Persistent truncus arteriosus occurs when, during fetal development, the primitive truncus does not divide into the pulmonary artery and aorta, resulting in a single, large, arterial trunk that overlies a large, malaligned, perimembranous ventricular septal defect. Consequently, a mixture of oxygenated and deoxygenated blood enters systemic, pulmonary, and coronary circulations. Symptoms include cyanosis and heart failure, with poor feeding, diaphoresis, and tachypnea. A normal 1st heart sound (S1) and a loud, single 2nd heart sound (S2) are common; murmurs may vary. Diagnosis is by echocardiography or cardiac catheterization. Medical treatment for heart failure is typically followed by early surgical repair.
Persistent truncus arteriosus (see Fig. 11: Congenital Cardiovascular Anomalies: Truncus arteriosus.) accounts for 1 to 2% of congenital heart anomalies. About 35% of patients have 22q11 deletion syndrome, which includes DiGeorge syndrome and velocardiofacial syndromes.
There are 3 types.
Previously, a type IV was defined, in which arteries supplying blood to the lungs arose from the descending aorta. However, this anomaly is now placed in the category of tetralogy of Fallot with pulmonary atresia.
Other anomalies (eg, truncal valve insufficiency, right aortic arch, interrupted aortic arch, coronary artery anomalies, atrioventricular septal defect) may be present and may contribute to the high surgical mortality rate.
Physiologic consequences of truncus arteriosus include mild cyanosis, significant pulmonary overcirculation, and heart failure (HF).
Symptoms and Signs
Infants usually present with mild cyanosis and symptoms and signs of HF (eg, tachypnea, poor feeding, diaphoresis) in the first few weeks of life. Physical examination may detect a hyperdynamic precordium, increased pulse pressure with bounding pulses, a loud and single 2nd heart sound (S2), and an ejection click. A grade 2 to 4/6 systolic murmur is audible along the left sternal border. A mid-diastolic mitral flow murmur may be audible at the apex when pulmonary blood flow is increased. With truncal valve insufficiency, a high-pitched diastolic decrescendo murmur is audible over the mid left sternal border.
Diagnosis is suspected clinically, supported by chest x-ray and ECG, and established by 2-dimensional echocardiography with color flow and Doppler studies. Cardiac catheterization is occasionally necessary to delineate associated anomalies before surgery, but cardiac MRI or CT angiography may supplant the need for catheterization.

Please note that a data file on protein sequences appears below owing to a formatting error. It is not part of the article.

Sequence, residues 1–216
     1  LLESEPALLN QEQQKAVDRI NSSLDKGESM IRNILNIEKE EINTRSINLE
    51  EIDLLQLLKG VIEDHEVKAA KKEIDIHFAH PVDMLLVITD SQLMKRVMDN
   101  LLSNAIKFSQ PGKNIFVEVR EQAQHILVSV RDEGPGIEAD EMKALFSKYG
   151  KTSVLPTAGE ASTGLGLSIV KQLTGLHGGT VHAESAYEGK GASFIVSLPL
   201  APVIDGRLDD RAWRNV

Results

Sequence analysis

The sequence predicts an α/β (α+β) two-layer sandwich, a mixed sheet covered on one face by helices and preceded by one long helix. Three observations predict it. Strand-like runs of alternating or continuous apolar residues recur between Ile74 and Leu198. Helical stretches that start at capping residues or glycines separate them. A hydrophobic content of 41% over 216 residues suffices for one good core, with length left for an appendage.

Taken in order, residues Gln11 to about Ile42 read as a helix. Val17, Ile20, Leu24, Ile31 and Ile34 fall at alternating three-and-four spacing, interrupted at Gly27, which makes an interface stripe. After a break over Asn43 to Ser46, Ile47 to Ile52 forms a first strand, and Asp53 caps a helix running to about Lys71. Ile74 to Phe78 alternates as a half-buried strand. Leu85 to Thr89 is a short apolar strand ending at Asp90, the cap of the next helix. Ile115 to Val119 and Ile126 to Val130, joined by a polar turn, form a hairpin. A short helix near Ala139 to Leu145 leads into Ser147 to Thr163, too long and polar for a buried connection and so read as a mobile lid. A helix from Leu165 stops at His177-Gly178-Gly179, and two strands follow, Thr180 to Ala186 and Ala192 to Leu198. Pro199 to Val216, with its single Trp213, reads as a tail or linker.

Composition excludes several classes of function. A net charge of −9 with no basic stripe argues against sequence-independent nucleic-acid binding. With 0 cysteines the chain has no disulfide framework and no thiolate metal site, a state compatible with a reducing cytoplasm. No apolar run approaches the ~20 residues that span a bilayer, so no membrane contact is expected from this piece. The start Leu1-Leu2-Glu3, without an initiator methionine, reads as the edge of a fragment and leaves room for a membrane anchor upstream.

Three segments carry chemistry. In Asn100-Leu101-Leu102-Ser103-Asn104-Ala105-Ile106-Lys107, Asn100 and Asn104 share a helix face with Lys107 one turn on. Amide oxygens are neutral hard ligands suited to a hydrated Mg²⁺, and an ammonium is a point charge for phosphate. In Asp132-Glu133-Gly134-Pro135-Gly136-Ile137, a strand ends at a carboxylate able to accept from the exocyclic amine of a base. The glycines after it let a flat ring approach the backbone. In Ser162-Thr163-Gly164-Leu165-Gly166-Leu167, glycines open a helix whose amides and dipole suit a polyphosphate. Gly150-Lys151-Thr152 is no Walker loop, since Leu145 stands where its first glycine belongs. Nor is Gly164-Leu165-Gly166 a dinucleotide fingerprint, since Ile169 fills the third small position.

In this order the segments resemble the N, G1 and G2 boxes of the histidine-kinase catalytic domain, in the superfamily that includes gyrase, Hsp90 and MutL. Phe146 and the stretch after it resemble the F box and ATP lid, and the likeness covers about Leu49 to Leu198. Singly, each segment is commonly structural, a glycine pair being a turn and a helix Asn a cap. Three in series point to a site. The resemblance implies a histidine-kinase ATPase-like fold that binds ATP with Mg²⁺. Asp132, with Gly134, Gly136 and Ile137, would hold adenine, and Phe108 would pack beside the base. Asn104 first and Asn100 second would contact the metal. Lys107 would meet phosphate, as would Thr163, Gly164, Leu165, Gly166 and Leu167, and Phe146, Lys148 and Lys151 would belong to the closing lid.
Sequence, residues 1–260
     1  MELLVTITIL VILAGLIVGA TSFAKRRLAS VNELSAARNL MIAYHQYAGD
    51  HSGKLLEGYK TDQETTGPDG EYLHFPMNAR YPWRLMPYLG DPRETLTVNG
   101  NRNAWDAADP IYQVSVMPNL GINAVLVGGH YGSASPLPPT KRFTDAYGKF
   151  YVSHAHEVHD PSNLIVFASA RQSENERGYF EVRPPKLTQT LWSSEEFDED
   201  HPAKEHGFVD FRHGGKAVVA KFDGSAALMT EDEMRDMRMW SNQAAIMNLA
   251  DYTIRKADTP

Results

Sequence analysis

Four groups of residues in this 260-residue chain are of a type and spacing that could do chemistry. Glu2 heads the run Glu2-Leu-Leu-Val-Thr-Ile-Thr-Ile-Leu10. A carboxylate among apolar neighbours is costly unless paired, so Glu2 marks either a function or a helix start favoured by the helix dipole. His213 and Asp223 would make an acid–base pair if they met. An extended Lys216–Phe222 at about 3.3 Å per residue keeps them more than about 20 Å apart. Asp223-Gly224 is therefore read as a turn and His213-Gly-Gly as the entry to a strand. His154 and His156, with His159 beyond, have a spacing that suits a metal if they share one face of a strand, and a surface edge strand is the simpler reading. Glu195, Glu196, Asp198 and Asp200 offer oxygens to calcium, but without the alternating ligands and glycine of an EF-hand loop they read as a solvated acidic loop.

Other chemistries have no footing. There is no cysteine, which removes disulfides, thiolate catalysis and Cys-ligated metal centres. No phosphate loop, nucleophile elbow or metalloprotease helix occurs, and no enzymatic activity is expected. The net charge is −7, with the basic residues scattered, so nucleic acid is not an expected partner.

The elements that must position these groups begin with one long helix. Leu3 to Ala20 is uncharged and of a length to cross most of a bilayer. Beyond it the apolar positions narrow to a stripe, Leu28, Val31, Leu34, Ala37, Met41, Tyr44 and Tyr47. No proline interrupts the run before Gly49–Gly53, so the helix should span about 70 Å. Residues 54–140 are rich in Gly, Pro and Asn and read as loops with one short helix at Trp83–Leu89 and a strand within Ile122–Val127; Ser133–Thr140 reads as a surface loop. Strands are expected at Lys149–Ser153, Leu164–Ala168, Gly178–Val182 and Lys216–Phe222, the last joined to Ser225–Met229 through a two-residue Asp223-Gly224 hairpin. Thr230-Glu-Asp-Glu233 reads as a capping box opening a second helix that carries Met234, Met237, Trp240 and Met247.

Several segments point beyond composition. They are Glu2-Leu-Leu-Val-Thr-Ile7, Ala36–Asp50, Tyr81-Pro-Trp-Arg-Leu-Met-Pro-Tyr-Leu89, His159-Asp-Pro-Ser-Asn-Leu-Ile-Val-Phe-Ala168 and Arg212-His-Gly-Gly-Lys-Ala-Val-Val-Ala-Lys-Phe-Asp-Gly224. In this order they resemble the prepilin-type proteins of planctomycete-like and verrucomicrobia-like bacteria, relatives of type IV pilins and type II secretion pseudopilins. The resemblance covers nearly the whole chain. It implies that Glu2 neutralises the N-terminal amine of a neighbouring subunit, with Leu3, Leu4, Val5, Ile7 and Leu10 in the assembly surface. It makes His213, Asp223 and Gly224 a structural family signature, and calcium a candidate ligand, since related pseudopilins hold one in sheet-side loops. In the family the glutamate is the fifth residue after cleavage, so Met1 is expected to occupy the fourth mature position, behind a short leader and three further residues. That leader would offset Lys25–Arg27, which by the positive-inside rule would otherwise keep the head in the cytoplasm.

Chest x-ray shows varying degrees of cardiomegaly with increased pulmonary vascular markings, right aortic arch (in about 30%), and relatively high position of pulmonary arteries. ECG commonly shows combined ventricular hypertrophy. Substantial pulmonary overcirculation may produce evidence of left atrial enlargement.
HF is treated vigorously with diuretics, digoxin, and ACE inhibitors, followed by early surgical repair. Prostaglandin infusion is not beneficial.
Surgical management consists of complete repair. The ventricular septal defect is closed so that the left ventricle ejects into the truncal root. A conduit with or without a valve is placed between the right ventricle and the confluence of the pulmonary arteries. Surgical mortality rates have decreased to as low as 10% in recent years. Because the conduit is placed during early infancy, its size becomes inadequate as children grow, and the conduit must be revised during childhood.
Endocarditis prophylaxis is recommended preoperatively but is required only for the first 6 mo after repair unless there is a residual defect adjacent to a surgical patch or prosthetic material.
Last full review/revision March 2010 by Lee B. Beerman, MD